2018 United Kingdom National Pilgrimage Tour Itinerary
The purpose of the distribution of these Sacred Images is to help fulfil the prophecy of Saint John Paul II when visiting Guadalupe in 1979.His exhortation proclaimed: “The Basilica of Our Lady of Guadalupe will be the center from which the light of the gospel of Christ will illuminate the entire world by the means of distribution of the Miraculous Image of His mother.”
Saint John Paul II authorized the creation of 220 digital replicas of the original for worldwide distribution. These Images have been declared as Authorized Relics that will extend the graces of evangelization, conversion & truth to nations in which they're placed, offering the same graces as extended in 1531, equal in graces to that of the original first class Relic
SYMBOLS ON THE SACRED TILMA & THEIR SIGNIFICANCE IN AZTEC THOUGHT
The rays give the sacred image an aura of light. They appear as though they're emitted from her, based on the direction of the arrows & the wavy pattern – indicating that she’s giving birth to the sun. Since the Aztecs worshipped the sun as the god that gives them life, the image portrays the Virgin Mary as giving birth to god.
This is further reinforced by the 4-petalled flower on Our Lady’s womb as described below. The Aztecs called their sun god Huitzilopochtli (their god of war, too) & to appease him, they offered palpitating human hearts which they considered to be a symbol of life. They also believed in Ometéotl, a god with 2 natures.
The Aztecs closely observed the movement of the sun, moon, & stars, & based their religious beliefs & way of life on these. They were deep into cosmogony – that branch of science dealing with the origin of the universe, particularly the solar system.
The 4-petalled flower is the only flower of its kind found on Our Lady’s robe. It is considered to be one of the highest symbols of the Aztecs as it depicts the 4 movements of the sun (the 4 seasons) as well as the North, South, East & West united in the center by a 5th element giving it balance & equilibrium.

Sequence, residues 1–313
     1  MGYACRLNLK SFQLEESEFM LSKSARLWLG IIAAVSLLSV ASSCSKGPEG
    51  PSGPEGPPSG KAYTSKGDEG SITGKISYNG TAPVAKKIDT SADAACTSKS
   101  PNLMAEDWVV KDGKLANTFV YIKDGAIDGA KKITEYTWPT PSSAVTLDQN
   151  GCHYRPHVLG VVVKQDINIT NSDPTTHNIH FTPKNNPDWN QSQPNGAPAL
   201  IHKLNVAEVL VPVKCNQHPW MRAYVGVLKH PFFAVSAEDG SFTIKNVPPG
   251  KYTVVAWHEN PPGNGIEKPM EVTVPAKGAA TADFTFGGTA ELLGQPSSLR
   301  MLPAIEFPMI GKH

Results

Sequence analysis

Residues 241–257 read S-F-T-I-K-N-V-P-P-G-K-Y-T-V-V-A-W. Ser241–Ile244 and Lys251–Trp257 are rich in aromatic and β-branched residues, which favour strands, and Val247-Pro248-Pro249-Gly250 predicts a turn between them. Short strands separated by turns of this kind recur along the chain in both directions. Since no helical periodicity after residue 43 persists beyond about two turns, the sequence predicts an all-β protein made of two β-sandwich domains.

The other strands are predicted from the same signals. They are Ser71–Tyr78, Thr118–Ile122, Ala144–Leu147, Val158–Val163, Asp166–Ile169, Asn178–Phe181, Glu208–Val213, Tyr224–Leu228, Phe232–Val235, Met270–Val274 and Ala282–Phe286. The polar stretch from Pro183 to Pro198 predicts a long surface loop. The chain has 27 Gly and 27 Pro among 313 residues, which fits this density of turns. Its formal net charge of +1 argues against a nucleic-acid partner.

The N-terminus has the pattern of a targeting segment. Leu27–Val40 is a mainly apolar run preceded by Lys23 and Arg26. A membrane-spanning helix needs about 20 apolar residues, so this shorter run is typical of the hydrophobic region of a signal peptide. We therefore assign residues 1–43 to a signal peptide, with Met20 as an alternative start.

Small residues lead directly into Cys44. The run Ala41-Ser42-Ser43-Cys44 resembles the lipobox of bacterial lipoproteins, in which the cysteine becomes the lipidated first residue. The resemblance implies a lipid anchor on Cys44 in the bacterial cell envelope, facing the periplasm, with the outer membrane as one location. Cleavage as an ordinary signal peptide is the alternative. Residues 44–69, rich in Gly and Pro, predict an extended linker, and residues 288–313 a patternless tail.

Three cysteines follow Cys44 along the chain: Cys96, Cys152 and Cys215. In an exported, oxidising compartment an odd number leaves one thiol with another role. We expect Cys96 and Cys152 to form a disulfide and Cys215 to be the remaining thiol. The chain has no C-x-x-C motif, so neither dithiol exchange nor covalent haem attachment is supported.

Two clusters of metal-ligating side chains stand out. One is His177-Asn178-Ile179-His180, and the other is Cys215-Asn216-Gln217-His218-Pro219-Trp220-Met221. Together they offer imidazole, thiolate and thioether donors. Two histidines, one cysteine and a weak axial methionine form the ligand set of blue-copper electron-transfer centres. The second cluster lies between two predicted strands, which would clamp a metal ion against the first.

The 4 petals also signify the 4 past eras with its center signifying the birth of the Fifth Sun which coincided with the Winter Solstice of 1531 – Our Lady’s miracle of 12 December.
The location of the 4 petalled flower is known to the Aztecs as Nahui Ollin representing the motherhood of Our Lady. With its strategic location, Our Lady’s Image tells the Aztecs she is the Mother of the ‘sun god’ that’s in her womb – the author & giver of life.
Our Blessed Mother’s face is bowed down, looking at everyone tenderly & with compassion. She is gazing slightly to one side as a sign of reverence & respect as native Indians considered it improper to look directly at anyone’s face.
The face of Our Lady is that of a young girl who is considered mestizo, meaning a blend of races – in this case, Aztec & Spanish. This was the term used by the Spaniards to identify the children of Spanish conquistadores & Aztec women. The portrayal of the Blessed Virgin Mary on her Image as mestizo symbolized the birth of a new race.
Looking closely into Our Lady’s eyes, ophthalmologists have tested this sacred image & affirmed that there are human forms reflected in her eyes, which measure between 8-9mm. It would be impossible to paint this detail within such a tiny space & on such rough material.
Further examination by a Dr Jose Aste Tonsman revealed 13 persons reflected in her eyes. Magnified photos show the larger images as reflections of Juan Diego & Bishop Juan de Zumarraga. The rest could be images of those present when Juan Diego opened his tilma to show the Bishop the sign he had asked for.
On the Sacred Image, our Blessed Mother’s hair is loose, indicating she’s a virgin maiden – married indigenous women braided their hair.
This signifies that she is a noblewoman with child – noble indigenous women tied a black ribbon just above their waist to show they were pregnant. This symbol, together with the symbolism of Our Lady’s hair, confirms her message to St Juan Diego – ‘I am the Always Holy Virgin Mary, Mother of the true God.’
Her hands are joined together in prayer, just as Europeans do, confirming her request that the Bishop build a chapel (a house of prayer) on Tepeyac Hill where she appeared. The Blessed Virgin’s hands show her right hand as being more delicate & lighter in colour than the left which is fuller & darker – depicting her message for unity of the Indian & Spanish cultures and the birth of a new race.
Her beautiful turquoise mantle covers her whole body from her head down to her feet & is edged in gold. The indigenous people considered her an Empress since only their Emperor wore this color. Her mantle is covered with 46 eight-pointed stars which are believed to be the stars that were in the heavens during the winter solstice of 1531.
Video about the miraculous image of Our Lady of Guadalupe:
Another video (awesome): (re-enacted) Our Lady Of Guadalupe:
And another (short):
Scientific documentary on it (in English):